NAFSA loans are typically easier to acquire than conventional personal loans and offer more flexible payment programs. However, they also charge higher-than-average annual percentage rates (APRs).
Tribal lending vs. payday lending
Many refer to NAFSA members’ Tribal Loan Entities (TLEs) loans as payday loans. However, this nomenclature is deceptive — tribal loans are more like installment loans than payday loans. While they both have extremely high APRs of payday loans, their more flexible payment structure makes them a safer choice for borrowers.
According to Cottrell, tribal online installment loans have specific advantages over storefront payday loans. Small-dollar installment loans are structurally similar to conventional loans, in which a portion of the principal and interest are repaid each period.
“This provides borrowers more flexibility month to month, instead of one large lump sum repayment characteristic of payday loans.
Typical small dollar installment loans range from $500-$2000 with repayment periods between six months and two years.” Also, unlike payday loans, installment loans do not magnify their costs with rollover fees.
Payday loans are known for propagating a cycle of debt, or “loan churn.” But the well-defined installment payments of tribal loans all go directly to paying off the principal debt. This makes tribal loans a much safer and less exploitative option than payday loans.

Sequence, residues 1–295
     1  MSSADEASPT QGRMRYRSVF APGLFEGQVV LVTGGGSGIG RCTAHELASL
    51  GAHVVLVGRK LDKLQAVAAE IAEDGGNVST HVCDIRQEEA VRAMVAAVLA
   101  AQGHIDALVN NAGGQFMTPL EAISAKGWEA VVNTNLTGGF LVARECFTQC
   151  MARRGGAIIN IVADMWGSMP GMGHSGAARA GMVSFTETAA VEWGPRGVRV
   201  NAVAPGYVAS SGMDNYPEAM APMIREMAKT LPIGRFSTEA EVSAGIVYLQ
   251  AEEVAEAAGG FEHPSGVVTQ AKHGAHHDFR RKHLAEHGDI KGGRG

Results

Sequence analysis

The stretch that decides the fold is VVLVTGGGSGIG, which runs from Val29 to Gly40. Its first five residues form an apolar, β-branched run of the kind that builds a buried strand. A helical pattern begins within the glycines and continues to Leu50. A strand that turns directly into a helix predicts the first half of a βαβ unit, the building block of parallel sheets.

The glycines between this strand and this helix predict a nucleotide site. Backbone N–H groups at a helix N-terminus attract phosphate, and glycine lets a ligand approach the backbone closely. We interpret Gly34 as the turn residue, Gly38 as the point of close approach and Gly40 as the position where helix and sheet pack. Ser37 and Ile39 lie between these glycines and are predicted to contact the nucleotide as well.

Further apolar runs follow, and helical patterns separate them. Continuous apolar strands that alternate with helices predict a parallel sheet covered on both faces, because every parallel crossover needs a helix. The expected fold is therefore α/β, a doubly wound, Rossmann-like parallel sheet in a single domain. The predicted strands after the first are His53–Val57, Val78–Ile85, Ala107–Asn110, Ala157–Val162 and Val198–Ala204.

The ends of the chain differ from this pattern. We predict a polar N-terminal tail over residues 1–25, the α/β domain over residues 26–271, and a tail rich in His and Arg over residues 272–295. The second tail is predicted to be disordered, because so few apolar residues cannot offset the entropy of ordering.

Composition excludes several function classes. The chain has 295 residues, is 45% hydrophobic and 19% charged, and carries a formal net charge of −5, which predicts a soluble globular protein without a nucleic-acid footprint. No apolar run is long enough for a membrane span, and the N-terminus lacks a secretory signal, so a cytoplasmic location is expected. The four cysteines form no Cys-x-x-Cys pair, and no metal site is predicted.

However, tribal loans are still expensive forms of credit. Although they offer larger loan amounts and more flexible repayment plans than conventional loans, they also charge higher-than-average APRs. As such, you should only apply for tribal loans in emergencies when other cheaper sources of credit are not available.
Eligibility for tribal loans
To secure a tribal loan, you need not be part of a Native American tribe. Tribal loans are available to all.
Cottrell says each of NAFSA’s tribal lending members set their own eligibility requirements to secure a loan. Most lenders will set age restrictions (e.g., requiring borrowers to be 18 or older) and employment restrictions. They will also typically require the borrower to verify that they have a bank account.
To borrow from NAFSA lenders, borrowers must:
- Confirm their employment status.
- Possess a verified bank account.
- Make an average income of over $40,000/year.
- Have their average span of indebtedness last less than two months.
The average NAFSA borrower is a middle-income American who can’t get a loan from mainstream lenders and wants to avoid payday loans.
Advantages of tribal loans
Many Americans cannot secure loans from traditional lenders. A survey conducted by The U.S. Census Bureau and FDIC revealed that 27% of Americans either have no bank account or they are “underbanked. “